PANINI stands for Point And Nature of Intervention Needs Intelligence. Okay, it is an awful acronym but hopefully you’ll remember it. The model is based on the idea that moving our behaviours from left to right on the continuum will bring about consensual relationships.

For those who are interested, it extends the reach of the Tannenbaum Schmidt continuum, the Heron Facilitation Model and action learners like Alma Harris and Mike Pedler.

Essentially, it suggests that behaviours on the right side will facilitate better cooperation and interdependence. It is about working through agreement. It is not that the left side is wrong. It is recognising that too many left-hand behaviours will tend to build dependence: “Please Miss – what do you want us to do next?”

So, we ought to use more right-hand behaviours if we want to build capacity, encourage sharing and team-work. We want colleagues and students to say: “Hey, we can do it ourselves!”

Let’s explore too, how it is possible to tell and instruct with agreement, i.e. consensually: “Let me show you first, in order that you will do it better when you have a go.” This sounds and feels very different from dominant, non-responsive telling and instructing: “Do as I say, because I say so (because I am your boss, because I am paying you, or because I’m bigger/stronger than you).”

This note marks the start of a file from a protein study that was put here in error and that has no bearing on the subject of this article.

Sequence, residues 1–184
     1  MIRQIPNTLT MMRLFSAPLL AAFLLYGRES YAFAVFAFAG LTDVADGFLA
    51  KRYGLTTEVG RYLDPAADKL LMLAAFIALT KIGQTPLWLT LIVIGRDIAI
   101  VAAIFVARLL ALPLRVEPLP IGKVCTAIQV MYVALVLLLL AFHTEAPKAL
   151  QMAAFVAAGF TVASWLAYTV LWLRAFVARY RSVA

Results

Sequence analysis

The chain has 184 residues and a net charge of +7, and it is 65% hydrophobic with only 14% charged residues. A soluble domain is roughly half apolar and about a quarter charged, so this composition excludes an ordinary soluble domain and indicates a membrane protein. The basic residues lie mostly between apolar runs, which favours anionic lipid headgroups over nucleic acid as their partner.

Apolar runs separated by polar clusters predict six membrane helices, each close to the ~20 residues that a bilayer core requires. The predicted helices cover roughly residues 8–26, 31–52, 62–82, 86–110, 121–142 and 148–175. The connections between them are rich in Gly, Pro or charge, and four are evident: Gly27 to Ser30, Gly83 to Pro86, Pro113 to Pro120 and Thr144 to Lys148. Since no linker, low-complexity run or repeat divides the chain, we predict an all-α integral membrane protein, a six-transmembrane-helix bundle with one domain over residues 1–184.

Conversely, it is possible to delegate cruelly by dumping work on colleagues. It can also be dangerous to let go too soon, before individuals are ready. Consensual leadership is about tone and manner too. It is about knowing your people and it demands emotional intelligence.

Applying the PANINI Continuum model will be about making appropriate choices. It lets us judge that point and nature of appropriate intervention as we try to foster consensus and interdependence. It is about leaders building capacity and confidence in those we serve. I urge you to play with PANINI. Use it to look at what you do, with a view to doing it better next time. Consider shifting the bulk of your interventions to the right as soon as possible. Hand over responsibility; dare to trust. You could:

  • Review something you led recently and assess how you might have deployed more of the right-hand approaches – sooner and with more people.
  • Challenge yourself and others, about how and why you will plan to use a range of consensual styles in a new initiative.

Implications for leading and teaching

Judging by the rapid and growing response to my initial presentation on consensual leadership at a #WomenEd event (see further information), many are already seeing leadership applications globally and locally.

If we want to empower the next generation of leaders, there are huge implications for how we lead education and teach.

Crucially, if we want our young people and colleagues to understand and apply consensual leadership in their personal and working lives, we must begin to model it ourselves, in our day-to-day behaviours.

We must give hope to those who have been and are still being abused by some in power. I genuinely want to discuss and develop this thinking with anyone working in education who may be interested. Please make contact.

Further information

Presentation on Consensual Leadership, John Pearce, at #WomenEd #LeadMeet, Mansfield, April 2018: http://bit.ly/2JwsPTz